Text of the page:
A New Generation of (Bearded) Gurkha?

A member of 10 Queen’s Own Gurkha Logistic Regiment challenges on Guard during the drill practice for the Ceremony of the Keys The Queen's Own Gurkha Logistic Regiment Kukri

A member of 10 Queen’s Own Gurkha Logistic Regiment challenges on Guard during the drill practice for the Ceremony of the Keys (MOD)

Lawmakers in Britain are looking to find a purpose for the diaspora of Afghan National Army commando and special forces currently studying at specialist schools in the UK, to include Sandhurst: form them into a unit of commandos in British uniform.

Of note, the all-volunteer and highly trained ANA Commando Corps – only about 20,000 soldiers out of an army of 160,000 — had a good reputation and served as the primary unit fighting the Taliban, raced from place to place like a fire brigade while the rest of the Afghan troops largely formed garrison units. Cut off from their air support and lift due to the rapid exfil of western contractors that kept the turbines turning, the Taliban was able to roll through the country in days while the Commandos assisted in the extraction from HKIA– many leaving on planes to points west from there during the endgame. 

An Afghan National Army soldier assigned to the Mobile Strike Force Kandak fires an RPG-7 rocket-propelled grenade launcher during a live-fire exercise

Now, left countryless in much the same way as the White Russians were in the 1920s, they have a “particular set of skills,” honed over a lifetime of use, as it would seem.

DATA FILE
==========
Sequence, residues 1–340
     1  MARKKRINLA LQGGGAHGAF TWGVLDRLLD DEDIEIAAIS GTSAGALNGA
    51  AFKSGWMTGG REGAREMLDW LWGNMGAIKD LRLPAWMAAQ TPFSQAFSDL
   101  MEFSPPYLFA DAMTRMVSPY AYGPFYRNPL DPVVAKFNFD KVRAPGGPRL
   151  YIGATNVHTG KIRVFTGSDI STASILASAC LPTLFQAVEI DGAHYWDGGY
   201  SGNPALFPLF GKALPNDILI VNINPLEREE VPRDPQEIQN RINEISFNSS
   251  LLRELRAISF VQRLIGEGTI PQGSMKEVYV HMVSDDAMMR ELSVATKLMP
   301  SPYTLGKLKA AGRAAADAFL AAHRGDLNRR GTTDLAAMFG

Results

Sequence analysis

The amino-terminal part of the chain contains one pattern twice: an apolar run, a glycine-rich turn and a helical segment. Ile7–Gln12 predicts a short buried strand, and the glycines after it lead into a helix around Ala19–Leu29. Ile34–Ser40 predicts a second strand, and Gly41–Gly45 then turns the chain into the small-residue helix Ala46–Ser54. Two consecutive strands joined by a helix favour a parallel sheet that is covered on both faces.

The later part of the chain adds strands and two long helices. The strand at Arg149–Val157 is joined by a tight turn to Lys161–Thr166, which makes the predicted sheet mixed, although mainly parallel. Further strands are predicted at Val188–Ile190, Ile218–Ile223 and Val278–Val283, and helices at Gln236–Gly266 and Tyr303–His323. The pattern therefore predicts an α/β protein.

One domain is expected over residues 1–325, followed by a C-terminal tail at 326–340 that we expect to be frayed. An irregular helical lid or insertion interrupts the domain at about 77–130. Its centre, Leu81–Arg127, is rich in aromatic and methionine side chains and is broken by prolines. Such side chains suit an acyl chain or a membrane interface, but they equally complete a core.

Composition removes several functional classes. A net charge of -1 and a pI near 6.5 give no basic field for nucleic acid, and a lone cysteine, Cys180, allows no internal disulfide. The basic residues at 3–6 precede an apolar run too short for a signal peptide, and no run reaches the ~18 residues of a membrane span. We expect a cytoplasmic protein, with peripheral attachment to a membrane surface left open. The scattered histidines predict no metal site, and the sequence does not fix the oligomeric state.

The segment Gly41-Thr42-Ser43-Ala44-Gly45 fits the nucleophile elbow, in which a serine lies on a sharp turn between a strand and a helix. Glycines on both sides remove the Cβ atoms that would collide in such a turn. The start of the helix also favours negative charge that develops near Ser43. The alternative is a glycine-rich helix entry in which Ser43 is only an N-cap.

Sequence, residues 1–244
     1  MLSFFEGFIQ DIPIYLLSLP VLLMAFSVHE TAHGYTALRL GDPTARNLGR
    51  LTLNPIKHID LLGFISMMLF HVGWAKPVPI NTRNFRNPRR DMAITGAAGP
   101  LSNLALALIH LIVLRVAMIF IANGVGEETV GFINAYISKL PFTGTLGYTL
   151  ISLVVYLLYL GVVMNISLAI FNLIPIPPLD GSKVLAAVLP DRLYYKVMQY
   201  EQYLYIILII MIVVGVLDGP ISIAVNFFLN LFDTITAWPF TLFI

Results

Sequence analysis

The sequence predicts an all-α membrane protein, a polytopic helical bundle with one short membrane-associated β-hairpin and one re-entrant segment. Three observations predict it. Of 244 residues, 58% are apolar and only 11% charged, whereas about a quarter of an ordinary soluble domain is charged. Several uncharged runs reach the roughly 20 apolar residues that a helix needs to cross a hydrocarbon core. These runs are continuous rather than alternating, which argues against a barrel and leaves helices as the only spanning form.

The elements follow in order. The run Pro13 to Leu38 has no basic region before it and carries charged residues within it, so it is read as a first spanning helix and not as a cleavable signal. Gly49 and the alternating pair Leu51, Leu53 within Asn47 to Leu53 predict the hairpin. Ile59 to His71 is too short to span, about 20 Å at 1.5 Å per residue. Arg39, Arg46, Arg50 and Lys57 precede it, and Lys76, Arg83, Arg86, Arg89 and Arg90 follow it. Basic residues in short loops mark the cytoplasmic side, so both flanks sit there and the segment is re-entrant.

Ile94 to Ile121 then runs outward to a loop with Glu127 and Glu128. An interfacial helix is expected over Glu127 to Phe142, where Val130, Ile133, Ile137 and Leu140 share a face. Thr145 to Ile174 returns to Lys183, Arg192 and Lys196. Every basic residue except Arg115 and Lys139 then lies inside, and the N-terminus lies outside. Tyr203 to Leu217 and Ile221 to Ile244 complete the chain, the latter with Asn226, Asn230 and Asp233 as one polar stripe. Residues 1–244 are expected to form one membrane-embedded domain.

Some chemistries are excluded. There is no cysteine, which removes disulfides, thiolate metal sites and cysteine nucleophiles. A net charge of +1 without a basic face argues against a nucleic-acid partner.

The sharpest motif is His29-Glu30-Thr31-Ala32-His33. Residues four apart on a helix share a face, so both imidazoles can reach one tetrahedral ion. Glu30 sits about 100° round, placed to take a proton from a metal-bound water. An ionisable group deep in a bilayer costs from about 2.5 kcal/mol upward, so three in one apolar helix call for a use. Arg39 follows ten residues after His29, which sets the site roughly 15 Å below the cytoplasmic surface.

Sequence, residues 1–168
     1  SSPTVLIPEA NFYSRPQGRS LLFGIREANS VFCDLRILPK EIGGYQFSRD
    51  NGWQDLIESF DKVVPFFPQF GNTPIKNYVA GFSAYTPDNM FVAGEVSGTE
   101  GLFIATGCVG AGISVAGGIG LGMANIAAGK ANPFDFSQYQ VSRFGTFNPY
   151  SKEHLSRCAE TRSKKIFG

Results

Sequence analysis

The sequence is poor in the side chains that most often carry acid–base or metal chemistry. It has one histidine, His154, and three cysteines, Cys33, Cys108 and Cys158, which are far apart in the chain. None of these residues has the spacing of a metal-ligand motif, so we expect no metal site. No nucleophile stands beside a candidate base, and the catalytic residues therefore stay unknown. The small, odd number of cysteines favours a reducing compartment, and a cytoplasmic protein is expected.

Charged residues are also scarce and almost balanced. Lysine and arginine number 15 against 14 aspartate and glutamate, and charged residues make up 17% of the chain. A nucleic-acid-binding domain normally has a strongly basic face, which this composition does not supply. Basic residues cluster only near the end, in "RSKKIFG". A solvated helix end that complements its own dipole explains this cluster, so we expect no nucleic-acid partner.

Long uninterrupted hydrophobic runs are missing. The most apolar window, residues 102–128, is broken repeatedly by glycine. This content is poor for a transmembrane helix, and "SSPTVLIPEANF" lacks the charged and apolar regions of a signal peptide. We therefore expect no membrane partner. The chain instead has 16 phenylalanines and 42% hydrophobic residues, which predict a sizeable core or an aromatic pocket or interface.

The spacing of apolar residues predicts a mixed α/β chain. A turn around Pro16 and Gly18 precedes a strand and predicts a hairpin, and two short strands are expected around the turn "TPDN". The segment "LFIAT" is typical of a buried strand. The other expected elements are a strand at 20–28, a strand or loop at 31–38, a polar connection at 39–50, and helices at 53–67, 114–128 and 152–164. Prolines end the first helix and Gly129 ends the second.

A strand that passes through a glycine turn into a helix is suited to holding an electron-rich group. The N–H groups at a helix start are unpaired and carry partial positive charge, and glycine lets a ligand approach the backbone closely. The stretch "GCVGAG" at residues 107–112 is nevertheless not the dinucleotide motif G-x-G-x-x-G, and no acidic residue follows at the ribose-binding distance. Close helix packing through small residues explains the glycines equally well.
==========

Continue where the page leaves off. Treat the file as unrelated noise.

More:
Members of Parliament from Britain’s Conservative Party have now proposed “the creation of a new regiment of Afghans, similar to the brigade of Gurkhas, which comprises more than 4,000 Nepalese soldiers and was first recruited by the British 200 years ago,” according to the Daily Telegraph. It makes a certain sense as the MoD is short-staffed in just about every unit, even as it extensively relies on new enlistees recruited from impoverished Third World Commonwealth countries in the Caribbean and Africa to help flesh out the ranks. 

As further noted in Forbes:

But can Britain really turn Afghans into New Gurkhas? That’s a tricky question. Craig Lawrence, a former British Army general and Gurkha commander who has written several histories and novels about the Gurkhas, sees the optimum approach as having smaller Afghan-only units serve as part of larger British formations. “This might be as complete units of 400 to 600 personnel, or as sub-units of 80 to 120 personnel within other composite units,” he said. “This would enable them to fight together, as they have done for years, and would seem to be the best way of maximizing their lethality against the Taliban. Dispersing them across British infantry units at this early stage would dilute their capability, and would probably create integration issues.”

Besides the homeless commandos, there are some 465 skilled Western-trained military Afghan pilots and ground crews who escaped to Uzbekistan and are now exiled, with which the Brits could field a curious little airwing used to operating Hips, Hinds, and small fixed-wing COIN aircraft under primitive conditions. Could be a useful skill in places like West Africa or elsewhere in the Middle East. 

Will it happen? Well, if anyone would do it, it would be the British.

There would have to be a waiver for beards, of course. 

One comment

  • When this idea reached the ears of a good number here with connections and interests to defence the reaction was Foxtrot Oscar.

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